Ok I finally got the nerve to give it a try. I harvested 20 bushels of apples this year and made sauce, pie, cobbler, cake strudel ect. Time to try making apple tatin?
I know the famous apple for this French tart is Calville Blanc D’Hiver. I do not grow it. An orchard near me does but I hate to buy apples when I have 20 bushels. McIntosh and Cortland would be too soft and not hold up well. Also too sweet? After much thought I decided to try making it with N.W. Greening as it is a favorite of mine for cooking. Not sweet, great cooking appe
I was surprised to read that one can buy special pans for Tatin making. I read the original recipe was by the Tatin sisters in France who made it in a cast iron pan. Hooray as I have cast iron frying pans.
It turned out really well! It will not last long. Just an FYI that I am well pleased with N.W. Greening apples working well for apple tart Tatin.
It looks fabulous. If you do grow French apples, the best US apple to use is Granny Smith. Due to the its harder texture and tang, it is a perfect match for the burnt sugar bottom (which is then inverted). Looks super! Well done!! You want to slice your apples opposite sides first, so you have two large circles of apples then cut the other two rectangular pieces as filler at the end. The apples should be round and overlapping in concentric circles before baking. You’ve go this one!
Thanks for the kind words Mrs. G! Most of it was eaten yesterday. It is delicious. The caramelization of the sugar/butter married well to the tart greenings I used. N.W. Greening is very dense and takes a while to cook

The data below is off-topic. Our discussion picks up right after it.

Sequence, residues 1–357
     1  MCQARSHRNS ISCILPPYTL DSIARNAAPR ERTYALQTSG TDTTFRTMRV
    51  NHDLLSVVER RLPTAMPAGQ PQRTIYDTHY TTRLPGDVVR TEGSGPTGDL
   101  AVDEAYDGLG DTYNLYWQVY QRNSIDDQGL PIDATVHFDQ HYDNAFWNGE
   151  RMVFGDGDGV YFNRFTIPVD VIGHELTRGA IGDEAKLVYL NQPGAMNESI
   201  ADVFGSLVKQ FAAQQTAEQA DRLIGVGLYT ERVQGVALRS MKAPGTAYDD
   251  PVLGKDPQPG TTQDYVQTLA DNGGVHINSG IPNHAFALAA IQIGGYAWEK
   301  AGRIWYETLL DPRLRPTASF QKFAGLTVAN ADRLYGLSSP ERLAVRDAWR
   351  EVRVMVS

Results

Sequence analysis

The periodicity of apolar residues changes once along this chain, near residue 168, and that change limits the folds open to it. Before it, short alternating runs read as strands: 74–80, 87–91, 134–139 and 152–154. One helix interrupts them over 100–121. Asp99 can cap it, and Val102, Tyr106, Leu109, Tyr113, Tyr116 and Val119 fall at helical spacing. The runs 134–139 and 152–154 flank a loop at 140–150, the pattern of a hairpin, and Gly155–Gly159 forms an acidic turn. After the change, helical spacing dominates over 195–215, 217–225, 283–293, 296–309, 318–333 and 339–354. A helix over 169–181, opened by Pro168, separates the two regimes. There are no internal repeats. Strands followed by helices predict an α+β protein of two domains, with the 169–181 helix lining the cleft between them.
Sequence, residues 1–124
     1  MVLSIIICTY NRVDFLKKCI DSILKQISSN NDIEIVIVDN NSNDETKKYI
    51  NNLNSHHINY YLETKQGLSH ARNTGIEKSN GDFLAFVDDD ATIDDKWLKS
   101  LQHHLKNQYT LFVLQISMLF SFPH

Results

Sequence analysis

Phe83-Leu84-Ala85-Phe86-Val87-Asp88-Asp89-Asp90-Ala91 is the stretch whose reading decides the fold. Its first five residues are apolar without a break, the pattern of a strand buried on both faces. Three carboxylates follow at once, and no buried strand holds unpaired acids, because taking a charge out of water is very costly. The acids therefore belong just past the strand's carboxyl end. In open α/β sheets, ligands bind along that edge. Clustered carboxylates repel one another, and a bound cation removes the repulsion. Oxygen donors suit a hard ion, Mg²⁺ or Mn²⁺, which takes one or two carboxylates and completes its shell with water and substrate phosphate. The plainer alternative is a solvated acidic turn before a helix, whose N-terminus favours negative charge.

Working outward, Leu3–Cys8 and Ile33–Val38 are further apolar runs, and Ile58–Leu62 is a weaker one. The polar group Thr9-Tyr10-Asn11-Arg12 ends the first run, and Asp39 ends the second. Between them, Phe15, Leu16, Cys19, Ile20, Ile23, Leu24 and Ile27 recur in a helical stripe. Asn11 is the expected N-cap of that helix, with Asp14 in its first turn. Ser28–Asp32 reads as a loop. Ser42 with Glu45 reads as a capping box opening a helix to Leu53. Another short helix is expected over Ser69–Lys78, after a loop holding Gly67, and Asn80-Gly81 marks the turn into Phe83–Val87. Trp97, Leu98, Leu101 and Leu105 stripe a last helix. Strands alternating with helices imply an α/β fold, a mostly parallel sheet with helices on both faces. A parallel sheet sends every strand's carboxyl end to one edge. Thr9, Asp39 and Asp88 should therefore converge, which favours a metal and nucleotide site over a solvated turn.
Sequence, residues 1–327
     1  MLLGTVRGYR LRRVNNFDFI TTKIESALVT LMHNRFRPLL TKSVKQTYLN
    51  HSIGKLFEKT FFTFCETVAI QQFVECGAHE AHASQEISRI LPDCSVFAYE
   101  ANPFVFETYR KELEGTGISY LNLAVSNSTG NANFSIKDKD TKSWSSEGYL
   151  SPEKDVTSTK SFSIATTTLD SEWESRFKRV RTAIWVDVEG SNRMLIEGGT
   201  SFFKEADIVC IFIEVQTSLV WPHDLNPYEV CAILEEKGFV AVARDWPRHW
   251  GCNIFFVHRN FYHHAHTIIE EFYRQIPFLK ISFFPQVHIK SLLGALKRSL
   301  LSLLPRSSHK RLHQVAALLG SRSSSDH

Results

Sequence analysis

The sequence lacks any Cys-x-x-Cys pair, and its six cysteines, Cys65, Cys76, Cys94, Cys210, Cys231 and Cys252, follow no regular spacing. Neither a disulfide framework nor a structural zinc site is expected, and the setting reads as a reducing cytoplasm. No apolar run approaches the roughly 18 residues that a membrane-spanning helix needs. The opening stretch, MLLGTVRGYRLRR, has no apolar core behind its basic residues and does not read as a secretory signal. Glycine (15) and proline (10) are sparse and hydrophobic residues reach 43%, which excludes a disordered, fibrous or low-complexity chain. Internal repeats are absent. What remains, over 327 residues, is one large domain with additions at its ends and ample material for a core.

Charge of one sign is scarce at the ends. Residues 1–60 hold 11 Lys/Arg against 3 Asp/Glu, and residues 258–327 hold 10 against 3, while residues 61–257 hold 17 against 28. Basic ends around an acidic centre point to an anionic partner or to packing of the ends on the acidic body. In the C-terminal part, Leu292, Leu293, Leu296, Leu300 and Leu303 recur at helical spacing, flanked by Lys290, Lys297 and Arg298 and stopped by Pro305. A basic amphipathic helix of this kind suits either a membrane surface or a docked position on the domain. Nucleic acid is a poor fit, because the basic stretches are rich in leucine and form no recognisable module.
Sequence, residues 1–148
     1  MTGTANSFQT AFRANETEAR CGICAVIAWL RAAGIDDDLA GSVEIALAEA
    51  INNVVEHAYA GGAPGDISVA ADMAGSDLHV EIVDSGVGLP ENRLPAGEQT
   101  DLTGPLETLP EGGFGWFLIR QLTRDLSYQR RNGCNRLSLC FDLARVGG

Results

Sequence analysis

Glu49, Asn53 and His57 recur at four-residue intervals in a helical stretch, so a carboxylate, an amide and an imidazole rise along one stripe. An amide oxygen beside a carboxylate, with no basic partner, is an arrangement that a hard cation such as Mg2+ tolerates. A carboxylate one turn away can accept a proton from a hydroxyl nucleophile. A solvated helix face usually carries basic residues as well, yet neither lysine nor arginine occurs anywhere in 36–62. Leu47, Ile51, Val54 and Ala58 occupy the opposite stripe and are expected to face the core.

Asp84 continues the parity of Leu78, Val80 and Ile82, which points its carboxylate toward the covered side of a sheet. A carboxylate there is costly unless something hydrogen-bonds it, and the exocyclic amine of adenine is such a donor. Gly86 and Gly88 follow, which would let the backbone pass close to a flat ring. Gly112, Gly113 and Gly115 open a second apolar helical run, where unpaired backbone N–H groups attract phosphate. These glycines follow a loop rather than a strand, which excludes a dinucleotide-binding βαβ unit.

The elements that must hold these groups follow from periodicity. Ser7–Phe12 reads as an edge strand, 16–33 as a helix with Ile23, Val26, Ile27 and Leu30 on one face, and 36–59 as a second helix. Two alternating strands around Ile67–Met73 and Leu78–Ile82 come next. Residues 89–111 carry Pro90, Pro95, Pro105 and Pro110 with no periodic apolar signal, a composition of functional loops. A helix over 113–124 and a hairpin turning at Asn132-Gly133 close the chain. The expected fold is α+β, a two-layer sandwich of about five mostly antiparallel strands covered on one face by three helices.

I had to laugh at the recipe for this in “Joy of Cooking” as they suggested using Golden Delicious. I like Golden Delicious for cooking but I would think the Tatin would be way too sweet cooking with such a sweet apple. I did go with the recipe from Joy Of Cooking but used my Greening apples instead.
I have a Calville Blanc d’ Hiver apple tree but only had a few apples this year. I was looking forward to making one of these tarts when I get enough apples to use. The recipe you used would be appreciated.
Love to! Sorry the name of the book was French Tea. I’ve used it for years. I bake it at 350 degrees so I can watch the puff paste turn golden brown. The shortcut? For Pate Brisee is Pepperidge Farm puff paste sheets. Just defrost one, roll it thinner than it is to cover your pie plate, place on a cookie sheet lined with foil and place in the oven and bake for 35 minutes or until the crust is a rich golden brown color.
I do grow Calville Blanc and I feel it is well worth it. The flavor is fantastic for baking but I think it also has a lot of pectin. Calville Blanc really makes a beautiful looking tart tatin because of the way it holds its shape. I grow the apples and my mother comes over and makes the tarts.
BTW, yours looks great.
I have no problem with it moving. My recipe from “Joy of Cooking” also used 6 apples, 1 cup sugar, 1 stick of butter and baked at 350 degrees. I did not use puff pastry for the crust but made the Pate Brisee which turned out very well. I have made enough homemade pie crust and also homemade puff pastry over the years that Pate Brisee was not hard to make. Don’t let the fancy name fool you. It is a soft and sticky dough but easy enough to work with.
And yes to the person that asked, I did make mine in a cast iron skillet.
Since Calville Blanc, Granny Smith and NW Greening apples all seem to work well for this dish, I have to wonder if Ida Red, Rhode Island Greening, and Haralson might also be good choices?
If anyone had good results with other apple varieties for this I am all ears. Not everyone has access to Calville Blanc so their must be American apple varieties that will work well too. I was happy with using Greening but please do reply if you had success with other apple varieties.